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501 - 510 of 717 results for: all courses

INTNLREL 60Q: United Nations Peacekeeping

Focus is on an examination of United Nations peacekeeping, from its inception in 1956 in the wake of the Suez Crisis, to its increasingly important role as an enforcer of political stability in sub-Saharan Africa. Examines the practice of "classic" peacekeeping as it developed during the Cold War, the rise and fall of "second-generation" peacekeeping, and the reemergence of a muscular form of peacekeeping in sub-Saharan Africa more recently. Topics include the basic history of the United Nations since 1945, he fundamentals of the United Nations Charter, and the historical trajectory of U.N. peaeckeeping and the evolving arguments of its proponents and critics over the years.
Terms: Win | Units: 3 | UG Reqs: WAY-ED | Grading: Letter (ABCD/NP)

INTNLREL 140C: The U.S., U.N. Peacekeeping, and Humanitarian War (HISTORY 201C)

The involvement of U.S. and the UN in major wars and international interventions since the 1991 Gulf War. The UN Charter's provisions on the use of force, the origins and evolution of peacekeeping, the reasons for the breakthrough to peacemaking and peace enforcement in the 90s, and the ongoing debates over the legality and wisdom of humanitarian intervention. Case studies include Croatia and Bosnia, Somalia, Rwanda, Kosovo, East Timor, and Afghanistan. * Course satisfies the WiM requirement for International Relations majors.
Terms: Aut | Units: 5 | UG Reqs: WAY-ED, WAY-SI | Grading: Letter (ABCD/NP)

INTNLREL 141A: Camera as Witness: International Human Rights Documentaries

Rarely screened documentary films, focusing on global problems, human rights issues, and aesthetic challenges in making documentaries on international topics. Meetings with filmmakers.
Terms: Aut | Units: 5 | UG Reqs: GER:DB-Hum, WAY-ED | Grading: Letter (ABCD/NP)
Instructors: Bojic, J. (PI)

ITALIAN 101: Italy: The Good, the Bad and the Ugly

Renowned for its rich cultural tradition, Italy is also one of the most problematic nations in Europe. This course explores the contradictions at the heart of Italy by examining how art and literature provide a unique perspective onto modern Italian history. We will focus on key phenomena that contribute both positively and negatively to the complex "spirit" of Italy, such as the presence of the past, political realism and idealism, revolution, corruption, decadence, war, immigration, and crises of all kinds. Through the study of historical and literary texts, films, and news media, the course seeks to understand Italy's current place in Europe and its future trajectory by looking to its past as a point of comparison. Taught in English.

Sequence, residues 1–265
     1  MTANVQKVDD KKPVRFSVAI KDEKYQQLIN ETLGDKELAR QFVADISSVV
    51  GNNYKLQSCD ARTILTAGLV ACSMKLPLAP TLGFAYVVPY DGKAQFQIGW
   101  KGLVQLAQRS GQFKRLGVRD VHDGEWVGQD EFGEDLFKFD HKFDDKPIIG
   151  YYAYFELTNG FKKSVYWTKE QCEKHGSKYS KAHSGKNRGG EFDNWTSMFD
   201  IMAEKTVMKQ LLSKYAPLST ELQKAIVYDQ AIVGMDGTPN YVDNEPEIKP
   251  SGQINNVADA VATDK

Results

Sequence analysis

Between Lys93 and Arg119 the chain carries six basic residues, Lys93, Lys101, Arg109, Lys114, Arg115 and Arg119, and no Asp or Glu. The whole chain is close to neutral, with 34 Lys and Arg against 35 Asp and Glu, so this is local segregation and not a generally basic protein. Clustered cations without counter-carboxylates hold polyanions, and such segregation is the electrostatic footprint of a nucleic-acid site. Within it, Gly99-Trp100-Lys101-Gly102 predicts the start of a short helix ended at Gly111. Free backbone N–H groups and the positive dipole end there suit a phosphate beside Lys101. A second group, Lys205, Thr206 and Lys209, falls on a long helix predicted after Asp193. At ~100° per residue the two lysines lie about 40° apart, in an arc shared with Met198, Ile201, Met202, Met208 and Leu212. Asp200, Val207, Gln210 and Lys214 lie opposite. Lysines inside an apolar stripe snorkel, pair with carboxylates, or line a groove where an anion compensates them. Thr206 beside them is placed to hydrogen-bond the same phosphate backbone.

Terms: Spr | Units: 3 | UG Reqs: GER:DB-Hum, GER:EC-GlobalCom, WAY-A-II, WAY-ED | Grading: Letter or Credit/No Credit
Instructors: Lummus, D. (PI)

ITALIAN 266: Women's Voices in Contemporary Italian Literature (FEMGEN 266)

The traditional canon of Italian literature consists almost exclusively of male authors. Yet Italian women writers have been active since the time of Dante. This course presents an overview of women's prose fiction of the last 100 years, from Sibilla Aleramo's groundbreaking feminist novel Una donna (1906) to Elena Ferrante's La figlia oscura (2015). We will examine such concerns as the central issue of sexual violence in many female autobiographies; the experience of motherhood; the conflict between maternal love and the desire for self-determination and autonomy; paths to political awareness; reinventing the historical novel. Taught in English.
Terms: not given this year | Units: 3-5 | UG Reqs: GER:DB-Hum, GER:EC-Gender, WAY-A-II, WAY-ED | Grading: Letter (ABCD/NP)

ITALIC 93: Immersion in the Arts: Living in Culture